Ava - Shan Tai Yai Buddha statues
This period, once named “Ava Art”, was eventually renamed “Second – Third Ava Art” since Ava used to be the capital of the Tai Yai Kingdom which was later conquered by the Myanmar Kingdom which then made Ava its capital. Both ethnic groups lived together and exchanged their art and culture but this merging of the two cultures made it difficult for people to decide upon a name for the art of this period. Many called it “Shan Art” and others “Ava Art” depending upon the information they had at their disposal. Actually, this art style was different from pure Tai Yai (Shan); the face of the Buddha statues was rounder with a pointed chin and a small but distinctive mouth. The nose was straight with flaring nostrils and the torso heavier than in the Tai Yai Style.
At the beginning of this period, the legacy of the Tai Yai style was still much in evidence but after Myanmar had established the old Tai Yai capital as its own capital, Myanmar art and Tai Yai art began to merge. In this way, a combination of Myanmar, Mon, Arakan and Tai Yai art came about which resulted in the distinctive style of the Second Ava Buddhist Art period, which was:
- A halo in the shape of a pointed budding lotus flower or a Chinese gourd (Nam Tao), legacies of the Toungoo and Tai Yai styles.
- The base of the Pra Ghetmala (top of the head) was wider and was covered with orderly small, blunt and beaded hair curls (Med Pra-sok).
- The forehead was wide and the temples thick.
- The face was oval shaped with a pointed chin.
- The eyebrows were curved like human eyebrows.
- The eyes gazed modestly downwards in the Bhavana state of meditation.
- The bridge of the nose was straight and low. The end of the nose was flared like a Lion’s which was considered one of 32 marks of a great man.
- The lips were small with a clear cleft above the upper lip.
- The torso was well-built similar to the Toungoo style. (The torso in Tai Yai art was much more slender.)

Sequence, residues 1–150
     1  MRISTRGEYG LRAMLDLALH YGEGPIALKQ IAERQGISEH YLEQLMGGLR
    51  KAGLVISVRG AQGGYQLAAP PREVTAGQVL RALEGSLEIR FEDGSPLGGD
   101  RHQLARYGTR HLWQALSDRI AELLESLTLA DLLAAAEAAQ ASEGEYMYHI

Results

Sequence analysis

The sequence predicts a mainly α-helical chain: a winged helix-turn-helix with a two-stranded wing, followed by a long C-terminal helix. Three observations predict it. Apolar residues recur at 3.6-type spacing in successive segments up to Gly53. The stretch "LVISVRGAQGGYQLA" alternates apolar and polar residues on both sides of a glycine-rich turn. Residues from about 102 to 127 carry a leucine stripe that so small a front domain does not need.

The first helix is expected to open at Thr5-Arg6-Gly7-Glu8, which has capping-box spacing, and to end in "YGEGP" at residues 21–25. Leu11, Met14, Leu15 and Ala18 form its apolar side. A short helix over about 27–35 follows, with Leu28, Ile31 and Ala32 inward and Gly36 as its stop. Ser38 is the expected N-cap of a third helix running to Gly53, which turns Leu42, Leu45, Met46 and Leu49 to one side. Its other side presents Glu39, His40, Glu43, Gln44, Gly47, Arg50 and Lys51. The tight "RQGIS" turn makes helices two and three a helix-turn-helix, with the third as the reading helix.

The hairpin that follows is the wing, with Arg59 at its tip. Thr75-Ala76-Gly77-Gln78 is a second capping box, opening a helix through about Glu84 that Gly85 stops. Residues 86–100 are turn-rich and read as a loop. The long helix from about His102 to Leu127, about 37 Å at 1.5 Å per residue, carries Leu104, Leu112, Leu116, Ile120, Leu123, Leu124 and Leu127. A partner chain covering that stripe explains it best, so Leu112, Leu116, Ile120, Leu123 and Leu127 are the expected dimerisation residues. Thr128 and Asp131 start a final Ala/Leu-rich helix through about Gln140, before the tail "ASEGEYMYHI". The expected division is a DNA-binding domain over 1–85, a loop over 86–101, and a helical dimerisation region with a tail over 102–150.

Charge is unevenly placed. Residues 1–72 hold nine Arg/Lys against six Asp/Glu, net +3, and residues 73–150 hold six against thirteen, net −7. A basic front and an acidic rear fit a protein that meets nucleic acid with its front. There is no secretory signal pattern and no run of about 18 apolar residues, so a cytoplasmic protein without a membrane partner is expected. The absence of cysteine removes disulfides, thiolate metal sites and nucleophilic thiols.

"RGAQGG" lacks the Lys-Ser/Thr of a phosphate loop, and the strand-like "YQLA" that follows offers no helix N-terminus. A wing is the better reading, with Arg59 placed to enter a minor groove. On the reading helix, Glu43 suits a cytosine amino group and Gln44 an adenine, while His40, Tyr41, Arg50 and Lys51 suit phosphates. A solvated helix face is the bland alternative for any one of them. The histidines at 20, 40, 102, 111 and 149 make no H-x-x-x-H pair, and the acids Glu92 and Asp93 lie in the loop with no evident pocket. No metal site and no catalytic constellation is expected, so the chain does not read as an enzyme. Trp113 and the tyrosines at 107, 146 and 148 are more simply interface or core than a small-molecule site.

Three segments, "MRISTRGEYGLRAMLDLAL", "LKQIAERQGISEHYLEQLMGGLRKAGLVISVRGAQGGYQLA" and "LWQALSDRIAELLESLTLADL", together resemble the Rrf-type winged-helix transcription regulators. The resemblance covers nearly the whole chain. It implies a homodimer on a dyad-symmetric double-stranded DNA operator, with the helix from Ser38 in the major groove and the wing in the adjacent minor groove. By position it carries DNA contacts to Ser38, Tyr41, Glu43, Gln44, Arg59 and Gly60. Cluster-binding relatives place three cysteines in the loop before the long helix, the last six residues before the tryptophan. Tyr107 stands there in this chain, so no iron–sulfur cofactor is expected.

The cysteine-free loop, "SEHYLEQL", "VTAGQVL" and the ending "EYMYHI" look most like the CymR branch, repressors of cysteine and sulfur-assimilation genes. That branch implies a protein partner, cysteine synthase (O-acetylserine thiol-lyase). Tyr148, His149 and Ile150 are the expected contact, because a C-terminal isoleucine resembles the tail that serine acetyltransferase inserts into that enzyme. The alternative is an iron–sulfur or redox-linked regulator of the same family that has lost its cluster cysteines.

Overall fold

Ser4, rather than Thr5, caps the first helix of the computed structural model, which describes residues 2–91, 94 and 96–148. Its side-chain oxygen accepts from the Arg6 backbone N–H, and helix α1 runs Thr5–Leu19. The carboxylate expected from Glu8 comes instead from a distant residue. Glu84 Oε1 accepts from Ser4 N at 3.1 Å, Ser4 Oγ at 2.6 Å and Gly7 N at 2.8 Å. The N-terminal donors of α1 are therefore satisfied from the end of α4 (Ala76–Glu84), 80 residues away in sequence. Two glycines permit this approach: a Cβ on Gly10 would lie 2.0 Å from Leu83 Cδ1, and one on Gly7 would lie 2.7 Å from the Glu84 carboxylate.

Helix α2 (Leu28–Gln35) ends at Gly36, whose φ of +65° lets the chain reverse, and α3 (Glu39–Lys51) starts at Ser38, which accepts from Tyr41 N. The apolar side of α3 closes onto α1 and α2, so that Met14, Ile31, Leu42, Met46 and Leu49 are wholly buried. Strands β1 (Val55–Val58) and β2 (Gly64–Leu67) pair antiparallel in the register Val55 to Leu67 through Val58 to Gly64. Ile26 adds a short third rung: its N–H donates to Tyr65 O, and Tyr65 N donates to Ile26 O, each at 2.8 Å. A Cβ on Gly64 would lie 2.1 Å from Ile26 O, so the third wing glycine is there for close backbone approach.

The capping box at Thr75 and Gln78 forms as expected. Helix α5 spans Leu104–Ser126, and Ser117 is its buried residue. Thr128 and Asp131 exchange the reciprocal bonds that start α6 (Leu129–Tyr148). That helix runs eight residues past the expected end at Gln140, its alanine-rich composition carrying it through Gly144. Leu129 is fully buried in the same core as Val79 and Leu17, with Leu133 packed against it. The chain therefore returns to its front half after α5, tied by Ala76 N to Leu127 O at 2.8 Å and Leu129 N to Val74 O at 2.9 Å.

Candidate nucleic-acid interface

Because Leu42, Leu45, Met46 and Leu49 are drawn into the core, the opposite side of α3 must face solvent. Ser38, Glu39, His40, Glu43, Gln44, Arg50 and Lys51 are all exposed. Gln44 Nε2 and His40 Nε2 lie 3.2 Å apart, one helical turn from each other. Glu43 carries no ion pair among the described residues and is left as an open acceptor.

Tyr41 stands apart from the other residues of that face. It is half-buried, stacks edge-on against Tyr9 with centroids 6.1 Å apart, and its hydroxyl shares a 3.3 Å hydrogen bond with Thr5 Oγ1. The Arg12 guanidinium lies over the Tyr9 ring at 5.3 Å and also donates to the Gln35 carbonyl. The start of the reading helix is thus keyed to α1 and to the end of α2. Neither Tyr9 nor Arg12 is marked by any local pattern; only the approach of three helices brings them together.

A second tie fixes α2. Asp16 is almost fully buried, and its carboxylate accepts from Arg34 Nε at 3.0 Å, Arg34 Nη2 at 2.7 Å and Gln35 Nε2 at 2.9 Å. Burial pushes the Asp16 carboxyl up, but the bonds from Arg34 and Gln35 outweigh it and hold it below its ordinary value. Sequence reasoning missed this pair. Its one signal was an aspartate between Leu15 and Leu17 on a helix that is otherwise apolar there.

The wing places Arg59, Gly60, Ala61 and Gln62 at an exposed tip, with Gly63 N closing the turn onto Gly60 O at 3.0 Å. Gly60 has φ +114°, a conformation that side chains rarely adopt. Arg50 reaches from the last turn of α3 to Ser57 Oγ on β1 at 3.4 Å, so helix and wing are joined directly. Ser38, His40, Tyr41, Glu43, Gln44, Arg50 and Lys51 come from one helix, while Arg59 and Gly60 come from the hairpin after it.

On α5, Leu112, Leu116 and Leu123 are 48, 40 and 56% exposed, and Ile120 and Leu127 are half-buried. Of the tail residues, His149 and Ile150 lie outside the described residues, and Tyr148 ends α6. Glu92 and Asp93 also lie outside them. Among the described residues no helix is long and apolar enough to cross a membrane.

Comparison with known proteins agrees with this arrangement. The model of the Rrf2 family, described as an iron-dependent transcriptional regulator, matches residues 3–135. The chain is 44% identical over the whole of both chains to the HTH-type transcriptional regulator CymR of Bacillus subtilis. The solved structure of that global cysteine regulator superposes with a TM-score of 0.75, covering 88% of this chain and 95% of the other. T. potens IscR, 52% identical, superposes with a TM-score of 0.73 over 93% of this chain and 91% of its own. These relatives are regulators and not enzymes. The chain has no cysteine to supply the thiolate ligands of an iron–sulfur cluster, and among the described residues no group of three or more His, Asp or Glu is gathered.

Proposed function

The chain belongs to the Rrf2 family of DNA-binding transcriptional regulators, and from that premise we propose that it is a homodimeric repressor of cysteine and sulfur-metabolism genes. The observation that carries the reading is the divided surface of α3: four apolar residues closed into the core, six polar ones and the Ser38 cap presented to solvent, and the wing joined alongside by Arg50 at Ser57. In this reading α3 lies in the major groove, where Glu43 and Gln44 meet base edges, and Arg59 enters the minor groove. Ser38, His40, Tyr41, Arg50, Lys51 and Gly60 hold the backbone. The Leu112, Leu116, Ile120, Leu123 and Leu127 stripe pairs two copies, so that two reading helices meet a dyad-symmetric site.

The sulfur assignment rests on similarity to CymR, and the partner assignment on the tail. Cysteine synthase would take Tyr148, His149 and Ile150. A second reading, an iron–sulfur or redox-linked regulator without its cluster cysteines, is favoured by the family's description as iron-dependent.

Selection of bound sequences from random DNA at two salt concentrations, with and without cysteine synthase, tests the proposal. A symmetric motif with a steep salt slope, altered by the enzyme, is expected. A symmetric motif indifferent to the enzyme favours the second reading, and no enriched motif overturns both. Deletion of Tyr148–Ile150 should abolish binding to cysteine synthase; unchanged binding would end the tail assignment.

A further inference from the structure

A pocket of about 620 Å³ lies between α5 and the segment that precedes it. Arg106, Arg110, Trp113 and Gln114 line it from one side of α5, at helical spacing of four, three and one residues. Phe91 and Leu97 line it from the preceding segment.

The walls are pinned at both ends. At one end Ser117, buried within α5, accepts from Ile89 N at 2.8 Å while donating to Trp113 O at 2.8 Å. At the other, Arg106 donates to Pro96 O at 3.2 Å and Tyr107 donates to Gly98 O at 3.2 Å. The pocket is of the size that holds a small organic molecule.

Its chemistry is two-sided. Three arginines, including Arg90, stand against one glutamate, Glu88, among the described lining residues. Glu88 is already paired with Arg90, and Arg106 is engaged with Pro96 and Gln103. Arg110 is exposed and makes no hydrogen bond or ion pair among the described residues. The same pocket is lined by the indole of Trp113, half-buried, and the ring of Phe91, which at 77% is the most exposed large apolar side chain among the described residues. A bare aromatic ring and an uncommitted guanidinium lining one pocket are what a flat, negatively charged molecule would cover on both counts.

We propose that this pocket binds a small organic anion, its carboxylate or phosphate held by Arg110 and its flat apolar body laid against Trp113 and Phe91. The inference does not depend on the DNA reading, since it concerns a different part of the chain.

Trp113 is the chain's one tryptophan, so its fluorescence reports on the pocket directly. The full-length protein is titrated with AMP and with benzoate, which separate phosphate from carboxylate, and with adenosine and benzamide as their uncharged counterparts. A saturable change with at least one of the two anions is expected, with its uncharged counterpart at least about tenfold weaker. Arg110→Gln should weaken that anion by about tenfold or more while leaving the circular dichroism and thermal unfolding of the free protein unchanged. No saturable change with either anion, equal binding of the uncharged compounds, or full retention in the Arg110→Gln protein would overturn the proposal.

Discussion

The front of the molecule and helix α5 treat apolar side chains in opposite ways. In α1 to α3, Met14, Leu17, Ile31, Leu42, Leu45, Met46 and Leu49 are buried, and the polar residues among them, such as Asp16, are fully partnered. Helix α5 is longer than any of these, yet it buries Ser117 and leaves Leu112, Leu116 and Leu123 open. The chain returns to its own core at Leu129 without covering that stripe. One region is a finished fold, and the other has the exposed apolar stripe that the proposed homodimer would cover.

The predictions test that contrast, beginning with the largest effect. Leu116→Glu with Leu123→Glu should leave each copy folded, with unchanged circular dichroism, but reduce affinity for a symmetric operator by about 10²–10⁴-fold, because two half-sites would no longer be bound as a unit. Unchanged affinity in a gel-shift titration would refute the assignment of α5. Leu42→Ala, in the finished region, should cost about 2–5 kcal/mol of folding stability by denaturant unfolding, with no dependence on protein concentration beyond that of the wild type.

- The Buddha wore a plain flap across the left shoulder with the robe draped over the shoulder.
- The Buddha was seated in the crossed-legged position and the legs appeared almost flattened at the base.
- The most popular gesture was that of asking the earth to witness. (The Meditation gesture was very rare in this period).
- Most of the pedestals of this period were high and bell-shaped displaying a distinct influence of Tai Yai art. These were originally decorated with the Tai Yai Lotus – Root motif but eventually, an Open – Lotus motif became more common as the popularity of the Tai Yai style declined.
- The head was round and inclined down in the style of the Toungoo images, a characteristic that can be traced back to the Buddha statues of Pagan period.
In this Second – Third Ava Art period, various kinds of material were used to create Buddha statues mostly depending on where the artisans that created them were living. Those commonly employed were precious wood, bronze with a high copper content and marble painted with lacquer (Rak), and then adorned with gold leaf. Papier mache images (called Pra Prong in Thai) made from sawdust or paper was also fashioned in this period and these would be crowned or decorated with coloured glass inlays. The Buddha statues fashioned in sandstone or alabasters were very rare.